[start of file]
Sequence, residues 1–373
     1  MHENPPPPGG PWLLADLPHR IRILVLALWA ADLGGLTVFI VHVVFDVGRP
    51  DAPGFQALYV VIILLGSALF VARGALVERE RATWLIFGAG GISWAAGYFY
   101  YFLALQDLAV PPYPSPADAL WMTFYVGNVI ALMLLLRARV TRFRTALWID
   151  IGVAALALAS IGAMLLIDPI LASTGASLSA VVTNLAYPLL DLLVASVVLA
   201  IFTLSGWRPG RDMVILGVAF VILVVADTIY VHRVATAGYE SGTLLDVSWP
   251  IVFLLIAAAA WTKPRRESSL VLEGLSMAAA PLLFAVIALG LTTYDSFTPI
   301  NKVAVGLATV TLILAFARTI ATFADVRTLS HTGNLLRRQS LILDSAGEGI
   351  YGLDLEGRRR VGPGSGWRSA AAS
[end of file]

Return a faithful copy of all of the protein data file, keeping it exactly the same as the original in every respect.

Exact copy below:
Sequence, residues 1–373
     1  MHENPPPPGG PWLLADLPHR IRILVLALWA ADLGGLTVFI VHVVFDVGRP
    51  DAPGFQALYV VIILLGSALF VARGALVERE RATWLIFGAG GISWAAGYFY
   101  YFLALQDLAV PPYPSPADAL WMTFYVGNVI ALMLLLRARV TRFRTALWID
   151  IGVAALALAS IGAMLLIDPI LASTGASLSA VVTNLAYPLL DLLVASVVLA
   201  IFTLSGWRPG RDMVILGVAF VILVVADTIY VHRVATAGYE SGTLLDVSWP
   251  IVFLLIAAAA WTKPRRESSL VLEGLSMAAA PLLFAVIALG LTTYDSFTPI
   301  NKVAVGLATV TLILAFARTI ATFADVRTLS HTGNLLRRQS LILDSAGEGI
   351  YGLDLEGRRR VGPGSGWRSA AAS